Students planning professional or graduate work in physics are encouraged to take the more advanced and analytically rigorous versions of the core courses—PHYS 1116 , PHYS 2217 , and PHYS 2218 . Students with less high school preparation may start in PHYS 1112  and then switch to the advanced sequence in later semesters. Students with strong backgrounds, who may have advanced placement credit for PHYS 1112  and/or PHYS 2213 , are very strongly encouraged to start with PHYS 1116 .

For a concentration within physics, the minimum 15 credits beyond the core must be composed of physics courses with numbers greater than 3000 or other courses approved by the director of undergraduate studies (for example, ASTRO 4431 ASTRO 4432 , or AEP 4340 ). These 15 credits must include PHYS 4230  as well as the senior laboratory course PHYS 4410  in addition to one of the lab courses listed for the core, so that a physics concentration requires a minimum of 7 credits of laboratory work. The sequence followed by each student will depend upon his or her interests and precollege preparation, and will be determined in consultation with the major advisor. Students are advised to strongly consider also taking PHYS 4443 . Majors are strongly encouraged to participate in the department’s research activities. If this activity is done as an independent project, PHYS 4490 , up to 4 credits can be applied toward the concentration.

Concentration “outside” Physics:

For outside concentrations, the courses to be counted in the minimum 15 credit hours beyond the core must have internal coherence and lead to mastery in the area of concentration. The course sequence must be worked out with and approved by the major faculty advisor. At least 8 of the 15 credit hours must be in courses numbered above 3000. Past areas of concentration include astronomy, business, chemical physics, computer science, econometrics, education, English, geophysics, history, and philosophy, law, meteorology, and public policy. A combined biology/chemistry concentration is common for premedical students or those who wish to prepare for work in biophysics.

The department particularly wishes to encourage students with an interest in science education. Information about the education can be obtained from the College of Agriculture and Life Sciences Education Minor, from the Physics Teacher Education Coalition, or from the Physics director of undergraduate studies.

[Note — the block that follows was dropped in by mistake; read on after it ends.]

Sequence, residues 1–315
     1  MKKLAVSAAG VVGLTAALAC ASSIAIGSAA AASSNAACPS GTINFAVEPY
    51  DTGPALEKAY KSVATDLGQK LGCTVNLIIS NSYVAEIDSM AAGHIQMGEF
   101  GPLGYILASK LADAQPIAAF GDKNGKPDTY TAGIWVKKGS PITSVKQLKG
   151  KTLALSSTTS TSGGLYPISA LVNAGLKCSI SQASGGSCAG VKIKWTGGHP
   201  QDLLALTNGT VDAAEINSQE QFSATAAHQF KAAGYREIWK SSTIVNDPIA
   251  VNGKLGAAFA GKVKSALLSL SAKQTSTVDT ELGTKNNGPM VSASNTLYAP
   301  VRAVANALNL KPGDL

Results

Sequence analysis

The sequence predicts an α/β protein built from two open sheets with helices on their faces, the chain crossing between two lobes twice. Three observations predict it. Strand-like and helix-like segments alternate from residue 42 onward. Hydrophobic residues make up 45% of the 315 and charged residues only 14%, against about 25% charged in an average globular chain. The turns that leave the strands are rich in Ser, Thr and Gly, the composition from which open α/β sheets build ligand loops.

The core for students with outside concentrations may follow either PHYS 1112 PHYS 2213 PHYS 2214  or the advanced PHYS 1116 PHYS 2217 PHYS 2218 . Students concentrating in astronomy who might continue on to graduate school in that field are encouraged to include ASTRO 4410 , ASTRO 4431 , and ASTRO 4432  within the concentration.


A student may be granted honors in physics upon the recommendation of the Physics Advisors Committee of the physics faculty. There is no particular course structure or thesis requirement for honors.

Double Majors:

Students are welcome to pursue a physics major concurrently with another major; either in the college of Arts and Sciences or in another college through the concurrent degree program. No course used to satisfy a requirement of another major can simultaneously be used toward satisfying the outside concentration for the physics major. An outside concentration may not be in the same subject as that of a second major.

Typical Physics Course Sequence:

Students with a score of 4 or higher on AP calculus BC are advised to begin physics in their first semester.  Students eligible for AP physics credit are generally advised to forfeit their credit and instead take the more challenging PHYS 1116 - Physics I: Mechanics and Special Relativity .